Sitting pretty in the driver’s seat, Doug Ford wants subway riders to take a leap of faith

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Sitting pretty in the driver’s seat, Doug Ford wants subway riders to take a leap of faith


Another year, another transit map.

Bigger than ever. Faster than ever.

Best ever — if it ever comes to pass.

On paper, there’s nothing especially wrong with the ambitious $28.5 billion transit plan Premier Doug Ford sketched out Wednesday. Provided everything goes right — not just the money but the technology.

Which raises the $28.5 billion question: Show us the money.

Ford is cheerfully taking credit for “announcing” the total price tag, but without finding the full funding. It’s the Ford formula:

I control, you bankroll. With a straight face, the premier laid out a vision that assumes all will see eye to eye with him as he spends other people’s money while putting up only $11.2 billion from the provincial purse.

Ford has a habit of ripping up previous plans. Now, the premier promises to make his own blueprint work like clockwork.

Reading from a TelePrompTer at a campaign-style event on the eve of today’s provincial budget, he tore up the old transit map. And rewrote the script:

A Downtown Relief Line? The province will build it at twice the length, in less time, and for less money than the city’s best-laid plans — details and subway stops to come.

A Scarborough subway? The premier is going back in time to an earlier design based on three stations.

The devil is in the details, but the premier declared himself to be on the side of the angels by giving a shout-out to his late brother Rob. The ex-mayor’s vision, which was voted down by fellow councillors years ago, is destined to be reborn:

“This one is close to my heart — my brother Rob and I have been the champions for transit in Scarborough since our time at city hall,” the premier proclaimed. “This one’s for you, Rob.”

Those were the days when the Ford brothers turned a fully-funded citywide LRT plan upside down because they wanted “subways, subways, subways.” Now, the premier who is sentimental over a Scarborough extension is embracing a lighter rail concept for the downtown line.

We are watching a remarkable role reversal that puts big brother Doug in the driver’s seat at Queen’s Park to finish what the Fords started at city hall before it all went off track. More than a role reversal, it’s yet another change in direction — and not everyone is standing with him on the platform.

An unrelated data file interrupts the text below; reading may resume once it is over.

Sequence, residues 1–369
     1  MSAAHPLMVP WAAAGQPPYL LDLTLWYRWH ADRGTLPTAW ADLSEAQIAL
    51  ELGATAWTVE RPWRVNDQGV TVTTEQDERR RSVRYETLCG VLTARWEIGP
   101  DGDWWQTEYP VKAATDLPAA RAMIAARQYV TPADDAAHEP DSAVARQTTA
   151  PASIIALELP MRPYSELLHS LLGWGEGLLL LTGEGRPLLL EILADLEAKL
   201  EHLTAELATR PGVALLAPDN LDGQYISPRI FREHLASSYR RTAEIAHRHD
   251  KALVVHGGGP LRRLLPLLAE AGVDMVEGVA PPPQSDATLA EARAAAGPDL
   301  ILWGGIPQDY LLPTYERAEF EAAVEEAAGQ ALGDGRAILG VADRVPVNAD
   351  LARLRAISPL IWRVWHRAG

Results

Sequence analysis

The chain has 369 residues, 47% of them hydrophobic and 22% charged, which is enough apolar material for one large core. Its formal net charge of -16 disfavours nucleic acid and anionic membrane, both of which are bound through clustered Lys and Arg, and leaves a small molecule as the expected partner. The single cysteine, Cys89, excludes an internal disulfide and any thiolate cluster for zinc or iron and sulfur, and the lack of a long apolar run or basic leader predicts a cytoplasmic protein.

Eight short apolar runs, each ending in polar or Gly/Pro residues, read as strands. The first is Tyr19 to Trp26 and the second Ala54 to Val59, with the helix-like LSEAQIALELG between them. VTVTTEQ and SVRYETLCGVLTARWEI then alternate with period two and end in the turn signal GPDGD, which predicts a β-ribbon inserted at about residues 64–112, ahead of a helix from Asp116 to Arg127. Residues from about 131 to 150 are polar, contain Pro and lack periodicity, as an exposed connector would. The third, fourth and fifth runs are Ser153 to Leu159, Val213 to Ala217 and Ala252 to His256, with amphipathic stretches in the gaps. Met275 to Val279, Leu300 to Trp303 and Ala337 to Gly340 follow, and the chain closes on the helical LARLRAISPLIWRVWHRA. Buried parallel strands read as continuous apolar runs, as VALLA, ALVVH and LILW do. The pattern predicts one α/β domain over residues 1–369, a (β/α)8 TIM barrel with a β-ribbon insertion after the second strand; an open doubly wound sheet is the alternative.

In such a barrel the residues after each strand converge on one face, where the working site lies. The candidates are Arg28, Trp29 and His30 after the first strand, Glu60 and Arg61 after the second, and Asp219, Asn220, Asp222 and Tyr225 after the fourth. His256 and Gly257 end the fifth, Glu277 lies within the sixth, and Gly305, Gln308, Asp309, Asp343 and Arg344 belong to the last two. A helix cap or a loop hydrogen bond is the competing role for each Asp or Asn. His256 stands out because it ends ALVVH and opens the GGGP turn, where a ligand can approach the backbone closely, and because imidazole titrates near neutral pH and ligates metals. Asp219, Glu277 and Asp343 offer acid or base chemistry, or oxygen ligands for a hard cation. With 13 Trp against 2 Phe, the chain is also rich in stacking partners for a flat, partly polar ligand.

Mayor John Tory pointedly declined an invitation to appear alongside Ford at Wednesday’s announcement, because Queen’s Park had failed to fully brief the city on its latest plans. The premier called him as a courtesy the night before, but kept the mayor in the dark on the details.

If the province and the city can’t break down silos, how will they break ground? And if two Tories can’t co-operate — the mayor, lest we forget, is a past leader of the PC party that Ford now helms — how will Queen’s Park collaborate with a Liberal government in Ottawa to secure needed funding?

Ford breezily promised to make up any shortfall if they don’t pay up — funding if necessary, but not necessarily funding. Beyond monetary matters, however, there is also the mystery of technology.

The province keeps talking up new light rail techniques for the (driverless) Downtown Relief Line that will leapfrog current plans, but is in no hurry to reveal how. It’s a peculiar way to foster collaboration.

Surely we’ve learned after years of Ford-style disruption that subway construction isn’t just about substance but process. When you’re tunnelling across a city, you can’t endlessly backtrack.

And when you’ve remade city council in your own image — Ford blew up city hall last summer by cutting it in half in midcampaign — it behooves you to heed the new councillors. Not bulldoze them aside.

As part of his restructuring, Ford wants to upload the TTC’s subway lines to the province — which I’ve long argued for. Compared to the city, Queen’s Park has a stronger balance sheet, the ability to borrow for capital costs, and a broader regional outlook.

Be careful what you wish for.

While the province is well-placed, this premier seems ill-suited. Queen’s Park has a good map but the wrong man.

Torontonians have seen transit maps come and go. They know only too well that subway openings always fall behind schedule.

Sticking to his script, Ford is vowing to keep transit on track. My way or the highway.

Subway riders will surely have confidence in the new driverless technology for a Downtown Relief Line. But will they have faith in the premier sitting in the driver’s seat?

Martin Regg Cohn is a columnist based in Toronto covering Ontario politics. Follow him on Twitter: @reggcohn





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